This disadvantage is overcome by the process according to the invention.
It consists essentially in arranging that the glass is kept in contact with sodium bisulphate. The presence of this agent inhibits or sufi'iciently retards the development of surface reactions which cause the phenomenon of iridescence, so that in practice it is suificient to remove this phenomenon under the usual conditions of storage and transport.
According to the invention, the sodium bisulphate is applied to one or both surfaces of the glass by any suitable means, for example by rubbing, coating or atomisation, depending on whether the sodium bisulphate is used alone or in admixture with an inert material in solid form, more particularly in the form of a powder, or in the form of a liquid, a solution or a suspension or is even incorporated by absorption or adsorption into or onto an inert material acting as a support, it being possible for the latter to be in the form of a powder or of a sheet which is placed against the glass surfaces.
"ice ;In the drawings:
Fig. 1 is a vertical section through a plurality of glass sheets interleaved with treated paper in accordance with this'invention; and
Fig. 2 is a diagrammatic sectional sketch showing a method of treating the paper of Fig. 1.
When the sodium bisulphate is in the form of a liquid, solution or suspension, the liquid containing the sodium bisulphate is advantageously evaporated before the glass is stored.
It has been found that practically all appearance of iridescence is avoided by sprinkling the glass surface with a finely powdered mixture of sodium bisulphate and an inert material forming a support. The sodiumbisulphate is retained to a certain degree by the material serving asa support, so that the agent can berprovided in aigreater quantity than if it is deposited directly on the glass. The'sodium .bisulphatecan thus be liberated according to requirements, depending on the storage conditions, and a protection of longer duration is obtained, as well as a better use of the agent.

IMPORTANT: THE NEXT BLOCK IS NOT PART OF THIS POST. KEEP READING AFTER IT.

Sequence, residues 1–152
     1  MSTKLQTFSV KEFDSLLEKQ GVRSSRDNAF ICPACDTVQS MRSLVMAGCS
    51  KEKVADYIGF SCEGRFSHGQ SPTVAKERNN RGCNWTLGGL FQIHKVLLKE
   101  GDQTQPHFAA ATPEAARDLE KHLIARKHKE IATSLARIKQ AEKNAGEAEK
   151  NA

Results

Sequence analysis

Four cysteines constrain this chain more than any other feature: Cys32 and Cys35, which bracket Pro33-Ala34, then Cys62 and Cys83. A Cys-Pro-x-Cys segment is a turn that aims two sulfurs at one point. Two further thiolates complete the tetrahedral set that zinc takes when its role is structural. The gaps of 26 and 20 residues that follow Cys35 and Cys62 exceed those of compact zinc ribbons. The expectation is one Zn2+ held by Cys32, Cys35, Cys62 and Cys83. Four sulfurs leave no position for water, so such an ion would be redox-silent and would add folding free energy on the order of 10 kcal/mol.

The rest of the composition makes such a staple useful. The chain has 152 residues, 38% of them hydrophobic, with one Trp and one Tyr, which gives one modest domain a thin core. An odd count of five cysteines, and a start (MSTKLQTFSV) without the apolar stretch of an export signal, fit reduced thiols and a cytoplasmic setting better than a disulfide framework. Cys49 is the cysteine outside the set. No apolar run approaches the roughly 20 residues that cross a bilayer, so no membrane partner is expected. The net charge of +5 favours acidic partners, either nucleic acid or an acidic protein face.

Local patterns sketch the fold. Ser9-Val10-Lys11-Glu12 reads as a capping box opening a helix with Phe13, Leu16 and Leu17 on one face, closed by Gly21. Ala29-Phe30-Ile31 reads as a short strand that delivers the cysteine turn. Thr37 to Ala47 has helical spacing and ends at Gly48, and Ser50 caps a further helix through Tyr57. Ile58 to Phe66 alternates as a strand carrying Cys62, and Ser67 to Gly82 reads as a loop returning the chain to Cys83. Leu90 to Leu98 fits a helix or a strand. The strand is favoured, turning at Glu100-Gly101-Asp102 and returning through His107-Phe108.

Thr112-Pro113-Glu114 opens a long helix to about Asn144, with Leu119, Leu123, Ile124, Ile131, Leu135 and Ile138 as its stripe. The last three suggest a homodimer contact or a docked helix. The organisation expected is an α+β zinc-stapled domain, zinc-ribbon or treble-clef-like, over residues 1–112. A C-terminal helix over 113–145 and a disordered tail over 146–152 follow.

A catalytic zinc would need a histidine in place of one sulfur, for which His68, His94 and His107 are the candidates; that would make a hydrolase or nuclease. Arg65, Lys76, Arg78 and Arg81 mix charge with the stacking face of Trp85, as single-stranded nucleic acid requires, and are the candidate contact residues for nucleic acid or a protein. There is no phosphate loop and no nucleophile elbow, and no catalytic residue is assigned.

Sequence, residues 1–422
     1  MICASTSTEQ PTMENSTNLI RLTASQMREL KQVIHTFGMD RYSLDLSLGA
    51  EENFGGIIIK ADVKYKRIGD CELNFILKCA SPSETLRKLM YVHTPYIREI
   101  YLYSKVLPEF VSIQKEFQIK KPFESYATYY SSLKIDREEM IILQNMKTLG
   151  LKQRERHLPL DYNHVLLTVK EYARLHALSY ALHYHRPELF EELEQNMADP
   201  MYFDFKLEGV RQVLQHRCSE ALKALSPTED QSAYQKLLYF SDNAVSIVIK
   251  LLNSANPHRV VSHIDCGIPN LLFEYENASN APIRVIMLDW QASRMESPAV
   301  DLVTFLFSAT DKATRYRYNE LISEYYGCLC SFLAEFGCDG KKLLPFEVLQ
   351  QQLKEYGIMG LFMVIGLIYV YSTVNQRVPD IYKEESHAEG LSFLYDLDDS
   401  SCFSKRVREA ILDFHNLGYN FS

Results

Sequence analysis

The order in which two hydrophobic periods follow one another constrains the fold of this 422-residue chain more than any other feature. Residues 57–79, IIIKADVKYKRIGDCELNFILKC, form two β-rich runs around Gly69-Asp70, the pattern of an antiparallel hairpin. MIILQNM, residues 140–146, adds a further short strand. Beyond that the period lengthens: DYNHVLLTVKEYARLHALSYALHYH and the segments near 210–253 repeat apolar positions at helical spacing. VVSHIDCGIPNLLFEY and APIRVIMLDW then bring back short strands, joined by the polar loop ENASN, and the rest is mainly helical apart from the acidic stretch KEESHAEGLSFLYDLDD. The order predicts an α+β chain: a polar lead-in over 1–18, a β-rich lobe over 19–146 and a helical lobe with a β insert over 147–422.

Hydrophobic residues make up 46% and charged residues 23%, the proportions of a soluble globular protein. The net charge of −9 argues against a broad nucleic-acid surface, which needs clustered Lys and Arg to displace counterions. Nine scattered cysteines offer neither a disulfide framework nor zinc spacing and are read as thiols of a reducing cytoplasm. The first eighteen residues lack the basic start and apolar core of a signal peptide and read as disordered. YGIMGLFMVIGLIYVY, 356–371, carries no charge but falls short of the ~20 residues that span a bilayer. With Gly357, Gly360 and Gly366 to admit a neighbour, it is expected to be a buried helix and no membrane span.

According to one particularform of the invention, the deposition of the sodium bisulphate, either alone or incorporated into a powdered support, can with advantage be carried out by an electrostatic process. To this end, the substance to be applied to the glass surface, which substance is in finely powdered form and is suitably disposed before the sheets of glass, is subjected to the action of an electrostatic charge which precipitates it on the glass sheets disposed at a distance which is adjusted according to the field intensity, the degree of fineness of the substance and the nature of the latter.